Page-turner will keep you up far past Twilight
Sex, violence, depravity and new-found hope abound in ‘werewolf lit’ gem
Vinciane de Pape
Full disclosure: I hate the Twilight saga.
I haven’t followed the recent string of vampire or werewolf-themed entertainment, and in fact, I would say that I have avoided it. I’ve always had a difficult time suspending my disbelief and the cheese-factor is just too much for me to swallow. From books to films and television series, the occult has permeated every pop culture outlet, largely to my chagrin.
Enter Glen Duncan’s The Last Werewolf, a smart, sexy, beautifully written thriller that transcends the horror genre and boldly demonstrates that sophisticated, captivating “werewolf lit” does indeed exist.
Protagonist Jacob Marlowe tells his story from a first-person perspective, reflecting on his existence as the world’s last known werewolf. His 200 years on Earth have allowed him to cultivate a taste for the finer things in life, and this jet-setting, billionaire bibliophile could otherwise be a 007 archetype if it weren’t for his complete lack of zeal.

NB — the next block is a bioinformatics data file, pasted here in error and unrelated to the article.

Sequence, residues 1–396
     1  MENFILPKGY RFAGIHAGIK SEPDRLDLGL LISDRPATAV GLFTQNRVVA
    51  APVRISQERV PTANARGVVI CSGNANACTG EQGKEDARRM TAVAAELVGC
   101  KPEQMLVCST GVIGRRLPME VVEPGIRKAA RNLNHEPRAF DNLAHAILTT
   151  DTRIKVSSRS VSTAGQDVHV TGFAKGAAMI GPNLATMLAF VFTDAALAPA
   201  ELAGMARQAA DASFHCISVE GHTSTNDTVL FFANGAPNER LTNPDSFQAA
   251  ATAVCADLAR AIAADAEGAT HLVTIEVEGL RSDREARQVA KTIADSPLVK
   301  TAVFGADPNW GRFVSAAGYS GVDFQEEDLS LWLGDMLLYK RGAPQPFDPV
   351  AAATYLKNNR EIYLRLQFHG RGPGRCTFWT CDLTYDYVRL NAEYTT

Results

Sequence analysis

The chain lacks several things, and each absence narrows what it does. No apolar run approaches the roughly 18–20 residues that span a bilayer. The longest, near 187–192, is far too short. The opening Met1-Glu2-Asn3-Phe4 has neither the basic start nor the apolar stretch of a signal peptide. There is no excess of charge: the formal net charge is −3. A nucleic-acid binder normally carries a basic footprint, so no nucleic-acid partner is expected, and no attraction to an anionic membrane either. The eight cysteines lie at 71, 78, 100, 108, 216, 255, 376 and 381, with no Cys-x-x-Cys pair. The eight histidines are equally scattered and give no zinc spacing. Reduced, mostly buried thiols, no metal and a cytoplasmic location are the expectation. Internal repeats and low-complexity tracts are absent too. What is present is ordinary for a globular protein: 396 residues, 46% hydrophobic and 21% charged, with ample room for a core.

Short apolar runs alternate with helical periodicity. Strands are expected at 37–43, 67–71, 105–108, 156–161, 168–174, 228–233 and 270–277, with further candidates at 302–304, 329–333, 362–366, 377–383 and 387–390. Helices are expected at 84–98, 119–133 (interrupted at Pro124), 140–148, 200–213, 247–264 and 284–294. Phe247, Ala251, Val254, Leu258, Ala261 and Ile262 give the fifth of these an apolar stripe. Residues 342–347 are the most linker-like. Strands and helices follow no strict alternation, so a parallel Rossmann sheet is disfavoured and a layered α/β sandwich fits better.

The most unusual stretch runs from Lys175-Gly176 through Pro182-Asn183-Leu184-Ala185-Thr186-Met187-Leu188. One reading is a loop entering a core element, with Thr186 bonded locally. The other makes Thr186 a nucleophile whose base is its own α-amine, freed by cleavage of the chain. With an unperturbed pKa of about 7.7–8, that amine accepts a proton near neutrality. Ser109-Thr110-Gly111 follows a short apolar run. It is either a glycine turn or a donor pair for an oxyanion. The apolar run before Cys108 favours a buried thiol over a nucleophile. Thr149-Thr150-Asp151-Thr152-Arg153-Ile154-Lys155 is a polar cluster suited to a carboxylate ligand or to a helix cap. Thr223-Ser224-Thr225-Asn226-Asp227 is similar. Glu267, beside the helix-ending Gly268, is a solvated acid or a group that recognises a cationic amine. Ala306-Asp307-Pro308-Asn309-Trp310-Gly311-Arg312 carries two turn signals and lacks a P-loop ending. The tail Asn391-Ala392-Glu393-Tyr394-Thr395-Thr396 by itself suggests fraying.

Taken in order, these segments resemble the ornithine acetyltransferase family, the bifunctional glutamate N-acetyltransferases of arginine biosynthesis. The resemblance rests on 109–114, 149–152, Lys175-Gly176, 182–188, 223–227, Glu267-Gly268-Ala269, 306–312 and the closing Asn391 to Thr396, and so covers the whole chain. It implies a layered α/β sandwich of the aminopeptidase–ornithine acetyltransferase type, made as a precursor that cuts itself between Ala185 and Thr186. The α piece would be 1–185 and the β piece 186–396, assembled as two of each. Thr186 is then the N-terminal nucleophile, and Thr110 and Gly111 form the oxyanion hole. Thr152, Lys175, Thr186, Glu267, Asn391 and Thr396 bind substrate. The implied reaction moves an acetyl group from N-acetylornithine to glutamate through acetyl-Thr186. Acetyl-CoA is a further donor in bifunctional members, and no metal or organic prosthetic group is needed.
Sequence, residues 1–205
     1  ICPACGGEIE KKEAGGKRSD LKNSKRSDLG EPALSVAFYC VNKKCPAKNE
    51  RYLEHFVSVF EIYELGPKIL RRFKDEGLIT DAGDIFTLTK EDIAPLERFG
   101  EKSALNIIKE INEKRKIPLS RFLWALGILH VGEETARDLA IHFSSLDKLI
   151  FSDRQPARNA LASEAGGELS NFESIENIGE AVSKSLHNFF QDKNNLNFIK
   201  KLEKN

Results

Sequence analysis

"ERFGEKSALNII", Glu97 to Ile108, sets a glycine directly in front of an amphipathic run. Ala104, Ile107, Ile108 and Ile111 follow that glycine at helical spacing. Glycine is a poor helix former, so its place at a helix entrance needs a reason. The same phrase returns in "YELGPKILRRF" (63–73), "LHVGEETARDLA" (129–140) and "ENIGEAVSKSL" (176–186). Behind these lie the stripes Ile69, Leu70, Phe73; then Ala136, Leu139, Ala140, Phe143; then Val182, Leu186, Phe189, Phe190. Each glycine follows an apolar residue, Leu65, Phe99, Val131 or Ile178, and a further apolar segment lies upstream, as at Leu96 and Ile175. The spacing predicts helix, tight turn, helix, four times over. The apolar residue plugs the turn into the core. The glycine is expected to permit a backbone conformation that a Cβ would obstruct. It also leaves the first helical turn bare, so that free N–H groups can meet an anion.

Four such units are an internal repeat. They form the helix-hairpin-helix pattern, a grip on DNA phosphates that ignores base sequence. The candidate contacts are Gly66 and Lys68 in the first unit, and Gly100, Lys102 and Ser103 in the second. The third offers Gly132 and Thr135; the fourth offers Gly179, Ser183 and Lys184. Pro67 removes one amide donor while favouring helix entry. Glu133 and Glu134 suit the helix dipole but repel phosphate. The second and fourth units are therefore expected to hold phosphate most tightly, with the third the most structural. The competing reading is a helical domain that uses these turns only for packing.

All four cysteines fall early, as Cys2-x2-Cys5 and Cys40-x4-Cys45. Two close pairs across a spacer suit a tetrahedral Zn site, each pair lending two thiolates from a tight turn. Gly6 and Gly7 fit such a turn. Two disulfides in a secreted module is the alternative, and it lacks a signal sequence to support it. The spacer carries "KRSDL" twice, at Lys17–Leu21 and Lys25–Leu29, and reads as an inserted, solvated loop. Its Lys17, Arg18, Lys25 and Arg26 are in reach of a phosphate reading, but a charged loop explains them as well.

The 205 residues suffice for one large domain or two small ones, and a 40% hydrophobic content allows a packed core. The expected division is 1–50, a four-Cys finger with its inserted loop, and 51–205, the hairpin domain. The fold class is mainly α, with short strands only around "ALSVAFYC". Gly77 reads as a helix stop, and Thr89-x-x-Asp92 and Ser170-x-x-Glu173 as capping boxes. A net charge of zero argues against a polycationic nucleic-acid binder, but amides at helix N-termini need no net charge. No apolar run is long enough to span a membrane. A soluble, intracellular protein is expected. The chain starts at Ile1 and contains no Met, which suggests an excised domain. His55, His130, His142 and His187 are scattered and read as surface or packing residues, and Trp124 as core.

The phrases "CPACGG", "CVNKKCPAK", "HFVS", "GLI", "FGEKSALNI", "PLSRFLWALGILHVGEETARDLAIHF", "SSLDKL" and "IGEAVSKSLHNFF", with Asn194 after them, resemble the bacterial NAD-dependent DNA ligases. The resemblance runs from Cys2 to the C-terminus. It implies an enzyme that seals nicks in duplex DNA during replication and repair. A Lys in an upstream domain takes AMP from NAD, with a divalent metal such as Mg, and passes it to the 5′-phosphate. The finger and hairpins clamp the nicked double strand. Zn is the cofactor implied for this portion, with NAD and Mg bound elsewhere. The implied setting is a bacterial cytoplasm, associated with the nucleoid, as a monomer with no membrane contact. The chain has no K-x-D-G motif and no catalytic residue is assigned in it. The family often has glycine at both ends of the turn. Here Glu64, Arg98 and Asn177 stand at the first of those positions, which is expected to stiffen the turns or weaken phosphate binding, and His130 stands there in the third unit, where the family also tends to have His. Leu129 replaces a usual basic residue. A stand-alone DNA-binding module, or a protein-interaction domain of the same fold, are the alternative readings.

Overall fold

Filling his days with chain-smoking, single-malt Scotch-sipping and meaningless sex, Marlowe is deeply depressed and very lonely. Haunted by the memory of life and love before “the Curse,” and now as the last of his species, he is resigned to his fate. Marlowe is prepared to turn himself in to the international organization responsible for exterminating occult phenomena when a surprising turn of events provides him with reinvigorated optimism and instills newfound hope.
Graphic violence and explicit sex scenes abound, The Last Werewolf is an exciting and spellbinding read. The author’s dense style is colourful and sophisticated, and well-juxtaposed against the brutality and rawness of Marlowe’s “fuck, kill, eat” driven hunger. You may find yourself scrambling to the dictionary to keep up. The book is nevertheless as much a deep character study as it is an action-packed thriller. Duncan masters the balance of maintaining an exhilarating pace throughout the novel while gracefully illustrating a fundamentally human story. Exploring the themes of loneliness, regret, and ultimately renewed hope, this book successfully challenges the campy reputation of its genre. Give this one a chance — this is not your little sister’s Twilight, and this is not your mom’s Anne Rice.